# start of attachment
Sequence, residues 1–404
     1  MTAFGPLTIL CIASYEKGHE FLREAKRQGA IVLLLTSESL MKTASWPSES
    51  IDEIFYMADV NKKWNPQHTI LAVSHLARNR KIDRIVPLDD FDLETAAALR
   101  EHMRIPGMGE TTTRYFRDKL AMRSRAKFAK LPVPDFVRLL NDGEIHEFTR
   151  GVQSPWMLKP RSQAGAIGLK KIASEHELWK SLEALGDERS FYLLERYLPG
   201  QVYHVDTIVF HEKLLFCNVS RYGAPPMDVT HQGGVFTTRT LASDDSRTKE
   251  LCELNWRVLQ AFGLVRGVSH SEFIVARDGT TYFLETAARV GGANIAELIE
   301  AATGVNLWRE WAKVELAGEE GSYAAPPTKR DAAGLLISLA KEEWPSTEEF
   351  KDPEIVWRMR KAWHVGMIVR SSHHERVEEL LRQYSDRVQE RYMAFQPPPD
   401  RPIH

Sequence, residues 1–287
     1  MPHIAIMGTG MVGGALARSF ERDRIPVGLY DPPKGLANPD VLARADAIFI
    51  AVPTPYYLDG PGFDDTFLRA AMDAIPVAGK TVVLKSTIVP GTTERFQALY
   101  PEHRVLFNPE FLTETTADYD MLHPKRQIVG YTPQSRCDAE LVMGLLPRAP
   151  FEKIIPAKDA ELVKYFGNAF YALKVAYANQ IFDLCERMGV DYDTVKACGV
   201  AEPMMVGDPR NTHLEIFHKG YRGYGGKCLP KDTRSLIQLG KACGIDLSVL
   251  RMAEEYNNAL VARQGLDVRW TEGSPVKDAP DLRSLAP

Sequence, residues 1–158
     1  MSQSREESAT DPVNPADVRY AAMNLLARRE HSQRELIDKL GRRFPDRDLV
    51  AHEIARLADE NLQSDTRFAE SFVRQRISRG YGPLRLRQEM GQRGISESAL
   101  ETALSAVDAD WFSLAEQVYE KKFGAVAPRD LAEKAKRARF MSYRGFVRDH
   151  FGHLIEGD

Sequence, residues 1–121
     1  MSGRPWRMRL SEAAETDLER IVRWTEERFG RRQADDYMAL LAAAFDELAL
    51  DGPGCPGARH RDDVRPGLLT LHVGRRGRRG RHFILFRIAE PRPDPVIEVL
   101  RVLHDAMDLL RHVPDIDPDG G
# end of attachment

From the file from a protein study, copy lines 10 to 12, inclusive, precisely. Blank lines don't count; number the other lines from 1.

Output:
   401  RPIH

Sequence, residues 1–287
     1  MPHIAIMGTG MVGGALARSF ERDRIPVGLY DPPKGLANPD VLARADAIFI